Two Corby drug dealers who turned their lives around avoid jail after case takes three-and-a-half YEARS to come to court

‘You have both demonstrated a determination to change’
Sower Leys Road, Corby. Image: Google.Sower Leys Road, Corby. Image: Google.
Sower Leys Road, Corby. Image: Google.

A pair of teen dealers who were caught after just a week selling drugs were spared a prison sentence after a judge was told they had both transformed their lives since they were caught.

Bradley George McKee, of Constable Road, Corby and Alexander Moore of Gainsborough Road, Corby appeared before Northampton Crown Court on Friday (October 13) to be sentenced on Class-A and B drugs charges.

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But the court heard that since the original arrest back in February 2020, both men have settled into full time jobs and have turned their lives around.

Her Honour Judge Adrienne Lucking KC was told that a member of the public made a report to Northamptonshire Police on February 6, 2020, that a suspicious car had been seen driving around Corby. Plain-clothed police spotted the car in Sower Leys Road and followed it to Hudson Close where they found McKee and Moore inside along with drugs and cash.

Both teens had their homes searched and phones seized and drug paraphernalia was found in Moore’s bedroom.

The court heard that phone analysis showed the pair had been dealing for only 11 days. In total the drugs seized were worth up to £4,010.

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Moore, now 22, admitted four charges involving possession with intent to supply cocaine and cannabis between January 27 and February 6, 2020.

McKee, now 23, pleaded guilty to two charges of possession of cocaine and possession with intent to supply cannabis.

Judge Lucking questioned prosecutors on why the case had taken so long to come to court.

She was told that the case had been deprioritised because it was not one where violence was involved. She heard it took 14 months for lab results to arrive and for the phones to be downloaded because of Covid delays. It then took a further eight months to appoint an expert drugs witness and that there was an error with communication which caused a further delay. It then took seven months for a file builder to prepare the case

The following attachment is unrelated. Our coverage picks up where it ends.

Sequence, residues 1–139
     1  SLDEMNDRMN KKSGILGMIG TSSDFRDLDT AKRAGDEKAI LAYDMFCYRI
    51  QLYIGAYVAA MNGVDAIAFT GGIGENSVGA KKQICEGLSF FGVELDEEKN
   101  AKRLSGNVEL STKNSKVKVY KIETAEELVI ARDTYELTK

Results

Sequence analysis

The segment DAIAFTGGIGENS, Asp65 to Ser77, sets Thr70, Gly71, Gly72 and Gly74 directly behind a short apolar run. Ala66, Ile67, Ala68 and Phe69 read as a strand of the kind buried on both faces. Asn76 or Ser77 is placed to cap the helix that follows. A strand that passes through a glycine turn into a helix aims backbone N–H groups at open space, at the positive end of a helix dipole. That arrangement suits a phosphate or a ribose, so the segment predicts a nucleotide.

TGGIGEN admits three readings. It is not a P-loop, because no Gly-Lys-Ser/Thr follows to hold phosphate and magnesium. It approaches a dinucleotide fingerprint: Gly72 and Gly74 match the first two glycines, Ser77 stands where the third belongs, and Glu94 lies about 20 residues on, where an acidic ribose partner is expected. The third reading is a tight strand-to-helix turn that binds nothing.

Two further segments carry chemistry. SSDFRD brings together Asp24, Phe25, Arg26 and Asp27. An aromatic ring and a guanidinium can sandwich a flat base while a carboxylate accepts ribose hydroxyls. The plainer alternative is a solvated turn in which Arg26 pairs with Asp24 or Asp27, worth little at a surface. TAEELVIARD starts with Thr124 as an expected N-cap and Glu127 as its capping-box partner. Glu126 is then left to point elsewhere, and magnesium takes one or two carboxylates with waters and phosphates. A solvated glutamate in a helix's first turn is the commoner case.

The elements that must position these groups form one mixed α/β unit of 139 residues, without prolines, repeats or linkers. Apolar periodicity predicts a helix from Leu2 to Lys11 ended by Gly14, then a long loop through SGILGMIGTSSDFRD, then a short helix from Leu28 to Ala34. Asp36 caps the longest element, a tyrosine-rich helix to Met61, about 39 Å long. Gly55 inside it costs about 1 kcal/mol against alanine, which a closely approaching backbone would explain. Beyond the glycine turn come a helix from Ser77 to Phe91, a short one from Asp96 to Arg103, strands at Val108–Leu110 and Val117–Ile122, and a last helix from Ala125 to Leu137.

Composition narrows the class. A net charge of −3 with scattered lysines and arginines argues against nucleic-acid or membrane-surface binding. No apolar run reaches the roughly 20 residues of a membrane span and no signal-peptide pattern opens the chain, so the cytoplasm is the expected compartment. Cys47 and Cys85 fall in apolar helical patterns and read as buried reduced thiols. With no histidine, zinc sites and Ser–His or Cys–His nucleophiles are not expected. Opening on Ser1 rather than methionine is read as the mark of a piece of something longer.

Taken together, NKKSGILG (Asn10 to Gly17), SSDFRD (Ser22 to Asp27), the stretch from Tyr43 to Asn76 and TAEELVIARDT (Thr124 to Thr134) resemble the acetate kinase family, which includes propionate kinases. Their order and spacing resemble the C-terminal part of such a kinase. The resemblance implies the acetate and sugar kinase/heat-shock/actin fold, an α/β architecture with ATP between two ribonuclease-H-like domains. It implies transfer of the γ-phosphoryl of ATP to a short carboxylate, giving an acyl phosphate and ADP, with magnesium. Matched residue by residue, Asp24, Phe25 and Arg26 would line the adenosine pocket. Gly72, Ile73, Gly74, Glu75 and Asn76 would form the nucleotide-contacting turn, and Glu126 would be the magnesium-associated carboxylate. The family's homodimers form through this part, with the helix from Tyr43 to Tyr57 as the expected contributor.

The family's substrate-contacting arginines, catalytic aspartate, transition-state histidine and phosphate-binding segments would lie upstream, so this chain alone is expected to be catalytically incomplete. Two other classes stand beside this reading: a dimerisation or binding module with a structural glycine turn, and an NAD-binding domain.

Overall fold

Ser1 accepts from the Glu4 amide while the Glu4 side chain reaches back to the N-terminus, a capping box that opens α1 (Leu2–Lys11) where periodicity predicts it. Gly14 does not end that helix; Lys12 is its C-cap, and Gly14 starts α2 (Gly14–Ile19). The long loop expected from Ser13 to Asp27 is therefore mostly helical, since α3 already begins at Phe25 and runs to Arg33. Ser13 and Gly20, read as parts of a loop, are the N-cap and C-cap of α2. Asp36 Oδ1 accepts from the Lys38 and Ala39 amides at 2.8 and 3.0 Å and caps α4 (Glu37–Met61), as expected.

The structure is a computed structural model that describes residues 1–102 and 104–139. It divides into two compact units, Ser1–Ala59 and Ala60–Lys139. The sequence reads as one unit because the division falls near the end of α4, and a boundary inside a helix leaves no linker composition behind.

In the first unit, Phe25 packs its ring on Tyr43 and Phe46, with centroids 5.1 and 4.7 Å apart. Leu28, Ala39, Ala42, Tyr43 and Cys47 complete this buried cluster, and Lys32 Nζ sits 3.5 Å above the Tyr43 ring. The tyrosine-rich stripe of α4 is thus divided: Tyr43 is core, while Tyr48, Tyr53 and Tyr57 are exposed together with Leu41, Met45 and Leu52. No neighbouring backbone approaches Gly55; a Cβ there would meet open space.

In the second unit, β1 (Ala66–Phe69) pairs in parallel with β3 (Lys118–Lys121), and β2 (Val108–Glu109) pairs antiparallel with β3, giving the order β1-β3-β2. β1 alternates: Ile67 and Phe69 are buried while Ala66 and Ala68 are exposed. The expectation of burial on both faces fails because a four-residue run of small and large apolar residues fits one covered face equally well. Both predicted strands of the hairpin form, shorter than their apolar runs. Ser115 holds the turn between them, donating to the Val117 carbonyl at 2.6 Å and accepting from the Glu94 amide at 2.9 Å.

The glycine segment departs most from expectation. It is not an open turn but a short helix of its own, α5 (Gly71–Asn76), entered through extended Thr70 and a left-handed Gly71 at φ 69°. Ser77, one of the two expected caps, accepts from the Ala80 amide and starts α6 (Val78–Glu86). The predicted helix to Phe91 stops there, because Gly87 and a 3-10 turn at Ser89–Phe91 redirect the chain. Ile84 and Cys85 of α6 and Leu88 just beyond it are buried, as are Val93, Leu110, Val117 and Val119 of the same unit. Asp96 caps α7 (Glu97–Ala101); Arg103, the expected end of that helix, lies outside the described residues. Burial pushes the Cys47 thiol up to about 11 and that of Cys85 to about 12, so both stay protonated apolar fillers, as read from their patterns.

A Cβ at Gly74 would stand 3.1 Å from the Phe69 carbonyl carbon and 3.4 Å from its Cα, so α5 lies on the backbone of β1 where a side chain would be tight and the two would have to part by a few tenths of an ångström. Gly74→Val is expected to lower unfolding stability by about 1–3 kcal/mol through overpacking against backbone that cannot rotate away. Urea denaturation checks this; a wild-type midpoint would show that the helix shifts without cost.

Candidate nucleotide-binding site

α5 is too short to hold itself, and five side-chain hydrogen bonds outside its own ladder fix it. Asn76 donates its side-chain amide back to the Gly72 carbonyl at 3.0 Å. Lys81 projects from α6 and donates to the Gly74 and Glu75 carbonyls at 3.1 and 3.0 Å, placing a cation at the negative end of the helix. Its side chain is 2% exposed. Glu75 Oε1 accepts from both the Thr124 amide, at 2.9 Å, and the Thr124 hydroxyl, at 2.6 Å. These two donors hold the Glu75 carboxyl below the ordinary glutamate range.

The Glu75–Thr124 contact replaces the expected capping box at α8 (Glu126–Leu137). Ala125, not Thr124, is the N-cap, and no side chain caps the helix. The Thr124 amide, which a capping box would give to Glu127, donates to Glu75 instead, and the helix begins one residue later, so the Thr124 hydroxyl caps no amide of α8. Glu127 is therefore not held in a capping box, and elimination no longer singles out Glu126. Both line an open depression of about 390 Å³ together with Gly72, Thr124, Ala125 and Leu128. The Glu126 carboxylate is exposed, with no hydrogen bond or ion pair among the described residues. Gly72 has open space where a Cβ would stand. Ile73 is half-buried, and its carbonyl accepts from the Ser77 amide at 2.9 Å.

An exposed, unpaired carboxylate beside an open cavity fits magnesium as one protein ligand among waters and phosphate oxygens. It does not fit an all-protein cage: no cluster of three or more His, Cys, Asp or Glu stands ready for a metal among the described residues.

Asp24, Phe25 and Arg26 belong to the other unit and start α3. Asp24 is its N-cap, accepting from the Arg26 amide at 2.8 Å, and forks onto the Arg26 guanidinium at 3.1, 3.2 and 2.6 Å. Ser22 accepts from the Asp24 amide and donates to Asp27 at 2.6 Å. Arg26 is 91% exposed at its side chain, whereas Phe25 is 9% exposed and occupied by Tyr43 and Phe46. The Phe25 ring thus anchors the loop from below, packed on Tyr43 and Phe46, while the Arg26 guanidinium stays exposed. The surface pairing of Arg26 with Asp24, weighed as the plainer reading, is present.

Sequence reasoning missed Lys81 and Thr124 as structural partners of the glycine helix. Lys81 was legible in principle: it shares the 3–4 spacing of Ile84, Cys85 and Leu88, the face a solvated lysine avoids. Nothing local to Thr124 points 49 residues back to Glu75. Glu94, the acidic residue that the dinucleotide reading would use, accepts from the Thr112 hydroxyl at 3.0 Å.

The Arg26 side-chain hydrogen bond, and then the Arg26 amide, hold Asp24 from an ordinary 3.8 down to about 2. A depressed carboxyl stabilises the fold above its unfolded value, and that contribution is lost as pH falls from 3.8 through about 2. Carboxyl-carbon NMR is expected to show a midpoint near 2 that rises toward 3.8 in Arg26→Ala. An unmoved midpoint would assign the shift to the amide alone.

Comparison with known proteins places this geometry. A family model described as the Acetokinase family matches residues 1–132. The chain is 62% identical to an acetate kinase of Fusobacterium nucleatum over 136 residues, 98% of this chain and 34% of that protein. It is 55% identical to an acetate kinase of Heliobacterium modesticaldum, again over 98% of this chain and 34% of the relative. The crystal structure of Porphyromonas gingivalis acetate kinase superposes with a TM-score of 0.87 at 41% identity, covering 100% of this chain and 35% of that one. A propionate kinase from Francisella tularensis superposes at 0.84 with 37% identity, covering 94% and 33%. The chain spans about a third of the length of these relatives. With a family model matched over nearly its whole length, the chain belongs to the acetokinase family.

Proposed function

Neither men had any relevant previous convictions.

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Mitigating for McKee, Will Forber-Heyward said that his client had started his own eBay and Amazon business.

"It’s something he’s really got his teeth into and he’s very knowledgeable about,” he said.

"He’s someone who’s taking this business opportunity very seriously.”

The court also heard McKee was a carer for his mum.

"He’s had this hanging over him for three-and-a-half years,” added Mr Forber-Heyward.

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“He accepts he was naive and immature. He’s a different person. He’s turned himself around.”

For Moore, Jonathan Coode said that his client had brought 12 ‘glowing’ references before the court and had got himself a full-time job with a nationally-known company and was regarded as an ‘exemplary employee’ by both his colleagues and his superiors.

Mr Coode added: “He started using cannabis at the age of 12 and cocaine at 16.

"He’s now moved on. He has child and a stable partner. He takes his parental responsibilities very seriously.”

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The court heard that both men’s offending crossed the custody threshold.

Judge Lucking said: “You were two young men aged 18 and 19 who saw the opportunity to make some money in a very immature and irresponsible way.

"There is clear remorse in both cases. You have both demonstrated a determination to change.”

Moore was given a 20 month prison sentence suspended for two years. He was also ordered to undertake 150 hours of unpaid work and will be on a three-month overnight curfew. He will also have to pay prosecution costs.

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McKee was given a 24-month community order to include 10 rehabilitation activity requirement days and 150 hours of unpaid work.

Both defendants were warned that if they appeared before the court again they faced going to jail.